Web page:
Exercise Therapy vs. NSAIDs or Opioids for Knee Osteoarthritis Pain
- Dr. Shawn Thistle
Exercise for the win, again!
Opioids are commonly used in the management of chronic musculoskeletal (MSK) conditions, however, the appropriateness of treating conditions such as osteoarthritis (OA) with opioids is widely debated due to the risk of adverse events (AE) and addiction. The most recent guidelines from the Osteoarthritis Research Society International made a strong recommendation against any opioid use for knee OA, and others suggest they only be used after all other treatment options are exhausted or contraindicated.
Two other common treatment options for knee OA are exercise therapy and nonsteroidal anti-inflammatory drugs (NSAIDs), however, comparing effects of these interventions is difficult due to a lack of direct statistical comparisons in high quality studies. To account for this, the authors used network meta-analysis (NMA) to provide more valid estimates of the comparative effectiveness of opioids, NSAIDs and exercise therapy for knee OA pain.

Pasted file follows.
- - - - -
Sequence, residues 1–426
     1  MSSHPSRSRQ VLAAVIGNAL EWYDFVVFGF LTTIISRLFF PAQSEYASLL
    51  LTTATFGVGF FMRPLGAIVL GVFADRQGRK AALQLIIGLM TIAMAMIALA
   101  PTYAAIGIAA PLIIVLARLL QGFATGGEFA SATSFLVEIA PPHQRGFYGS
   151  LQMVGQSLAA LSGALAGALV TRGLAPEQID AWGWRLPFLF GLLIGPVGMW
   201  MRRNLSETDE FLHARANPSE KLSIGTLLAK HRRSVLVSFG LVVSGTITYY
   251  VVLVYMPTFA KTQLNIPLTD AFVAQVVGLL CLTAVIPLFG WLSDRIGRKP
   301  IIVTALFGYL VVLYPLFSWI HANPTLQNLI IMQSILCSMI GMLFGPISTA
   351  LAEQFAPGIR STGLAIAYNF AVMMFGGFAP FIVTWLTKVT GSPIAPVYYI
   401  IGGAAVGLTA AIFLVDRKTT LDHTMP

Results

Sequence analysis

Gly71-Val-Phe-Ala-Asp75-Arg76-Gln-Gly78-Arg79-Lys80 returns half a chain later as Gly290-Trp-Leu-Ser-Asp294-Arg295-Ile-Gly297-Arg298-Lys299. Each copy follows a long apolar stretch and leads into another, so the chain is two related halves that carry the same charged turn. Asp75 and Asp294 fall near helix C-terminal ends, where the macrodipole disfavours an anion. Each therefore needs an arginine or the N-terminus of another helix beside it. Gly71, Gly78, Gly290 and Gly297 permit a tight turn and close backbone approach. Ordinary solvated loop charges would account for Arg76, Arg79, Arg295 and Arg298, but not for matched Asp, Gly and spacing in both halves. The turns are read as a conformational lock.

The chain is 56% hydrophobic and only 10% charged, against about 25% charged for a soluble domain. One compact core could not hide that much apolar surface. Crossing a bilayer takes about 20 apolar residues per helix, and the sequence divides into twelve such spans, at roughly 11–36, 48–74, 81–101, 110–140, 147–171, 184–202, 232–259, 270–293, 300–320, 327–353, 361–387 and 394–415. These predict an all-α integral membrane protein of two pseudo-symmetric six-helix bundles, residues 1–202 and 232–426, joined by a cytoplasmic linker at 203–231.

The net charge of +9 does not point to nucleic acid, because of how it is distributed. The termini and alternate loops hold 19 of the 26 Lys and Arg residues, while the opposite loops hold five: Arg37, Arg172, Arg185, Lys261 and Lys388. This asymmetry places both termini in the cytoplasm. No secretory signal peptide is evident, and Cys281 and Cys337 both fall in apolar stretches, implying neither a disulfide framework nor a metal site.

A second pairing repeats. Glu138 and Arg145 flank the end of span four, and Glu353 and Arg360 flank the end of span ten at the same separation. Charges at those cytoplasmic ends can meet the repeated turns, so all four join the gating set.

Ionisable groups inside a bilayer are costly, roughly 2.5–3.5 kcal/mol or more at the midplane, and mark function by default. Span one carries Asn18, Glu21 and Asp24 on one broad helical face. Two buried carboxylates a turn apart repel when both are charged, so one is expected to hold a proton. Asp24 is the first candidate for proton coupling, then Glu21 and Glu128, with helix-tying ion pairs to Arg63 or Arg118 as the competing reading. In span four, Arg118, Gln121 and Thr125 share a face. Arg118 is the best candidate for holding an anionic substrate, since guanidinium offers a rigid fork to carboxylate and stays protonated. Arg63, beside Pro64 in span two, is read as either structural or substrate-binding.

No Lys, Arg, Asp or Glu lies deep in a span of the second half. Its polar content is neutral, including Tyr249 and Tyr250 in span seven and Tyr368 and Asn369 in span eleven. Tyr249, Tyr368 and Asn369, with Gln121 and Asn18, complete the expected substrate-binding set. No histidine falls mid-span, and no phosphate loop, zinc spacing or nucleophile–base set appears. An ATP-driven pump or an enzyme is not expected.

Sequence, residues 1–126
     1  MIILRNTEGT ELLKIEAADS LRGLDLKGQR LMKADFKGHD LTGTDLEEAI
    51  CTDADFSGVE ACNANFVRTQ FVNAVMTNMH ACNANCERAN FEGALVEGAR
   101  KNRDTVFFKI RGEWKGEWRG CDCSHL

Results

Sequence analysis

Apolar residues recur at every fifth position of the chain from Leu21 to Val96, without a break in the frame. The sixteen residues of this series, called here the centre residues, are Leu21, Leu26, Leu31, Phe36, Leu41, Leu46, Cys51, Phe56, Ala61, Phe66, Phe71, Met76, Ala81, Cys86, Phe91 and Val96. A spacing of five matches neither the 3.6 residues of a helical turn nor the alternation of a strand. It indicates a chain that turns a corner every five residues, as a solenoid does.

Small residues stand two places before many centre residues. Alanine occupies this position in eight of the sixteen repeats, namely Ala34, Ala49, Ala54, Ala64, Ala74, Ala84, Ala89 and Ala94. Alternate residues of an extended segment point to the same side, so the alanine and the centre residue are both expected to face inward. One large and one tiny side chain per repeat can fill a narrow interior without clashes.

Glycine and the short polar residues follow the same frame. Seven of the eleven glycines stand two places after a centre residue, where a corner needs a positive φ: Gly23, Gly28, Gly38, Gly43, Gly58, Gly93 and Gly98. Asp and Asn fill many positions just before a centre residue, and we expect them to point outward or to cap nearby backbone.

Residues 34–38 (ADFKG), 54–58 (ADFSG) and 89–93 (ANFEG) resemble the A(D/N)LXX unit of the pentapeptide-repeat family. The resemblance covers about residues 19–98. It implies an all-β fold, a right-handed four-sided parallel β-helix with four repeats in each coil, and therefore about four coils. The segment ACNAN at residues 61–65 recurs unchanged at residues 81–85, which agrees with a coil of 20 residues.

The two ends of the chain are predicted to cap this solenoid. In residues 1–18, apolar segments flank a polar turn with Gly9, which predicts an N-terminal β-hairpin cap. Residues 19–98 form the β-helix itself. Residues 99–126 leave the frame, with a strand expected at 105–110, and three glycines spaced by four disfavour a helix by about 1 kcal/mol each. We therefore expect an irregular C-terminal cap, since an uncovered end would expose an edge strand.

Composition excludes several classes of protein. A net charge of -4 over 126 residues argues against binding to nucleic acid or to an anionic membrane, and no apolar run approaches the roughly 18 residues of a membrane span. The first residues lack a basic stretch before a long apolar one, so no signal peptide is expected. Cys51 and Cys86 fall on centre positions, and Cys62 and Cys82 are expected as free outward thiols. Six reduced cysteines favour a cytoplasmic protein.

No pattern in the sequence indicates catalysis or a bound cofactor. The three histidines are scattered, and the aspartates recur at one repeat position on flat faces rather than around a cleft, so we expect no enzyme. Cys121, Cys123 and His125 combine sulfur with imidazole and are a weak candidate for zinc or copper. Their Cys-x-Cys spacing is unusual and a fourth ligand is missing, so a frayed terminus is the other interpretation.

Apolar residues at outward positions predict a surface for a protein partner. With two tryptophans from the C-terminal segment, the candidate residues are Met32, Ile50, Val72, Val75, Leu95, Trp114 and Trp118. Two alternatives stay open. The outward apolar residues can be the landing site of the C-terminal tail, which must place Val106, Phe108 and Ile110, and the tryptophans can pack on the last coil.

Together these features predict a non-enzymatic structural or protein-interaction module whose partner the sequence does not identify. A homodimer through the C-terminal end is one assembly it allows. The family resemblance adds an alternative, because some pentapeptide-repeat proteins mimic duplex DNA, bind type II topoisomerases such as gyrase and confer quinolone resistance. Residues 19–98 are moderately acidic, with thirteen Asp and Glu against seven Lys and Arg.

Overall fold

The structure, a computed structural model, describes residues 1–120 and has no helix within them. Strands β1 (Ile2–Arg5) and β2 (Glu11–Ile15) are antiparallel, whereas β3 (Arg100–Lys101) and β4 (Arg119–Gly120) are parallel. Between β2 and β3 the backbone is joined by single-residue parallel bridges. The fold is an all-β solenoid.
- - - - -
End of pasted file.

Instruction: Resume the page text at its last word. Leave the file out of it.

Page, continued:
What is a network meta-analysis?
In a network meta-analysis (NMA), researchers can incorporate data from RCTs that do not necessarily have the same comparator group in a virtual ‘network’ of studies. This allows the authors to include studies that tested two or more kinds of treatment, with or without a control and allows for direct comparison of treatment and indirect comparisons with the network. Interestingly, this approach allows researchers to rank interventions as comparably more or less effective, which can be very helpful for clinicians and policy makers!
THIS WEEK'S RESEARCH REVIEW: “Exercise Therapy vs. NSAIDs or Opioids for Knee Osteoarthritis Pain”
This paper was published in JOSPT (2022) and this Review is posted in Recent Reviews, Knee, Osteoarthritis and the 2022 Archive.
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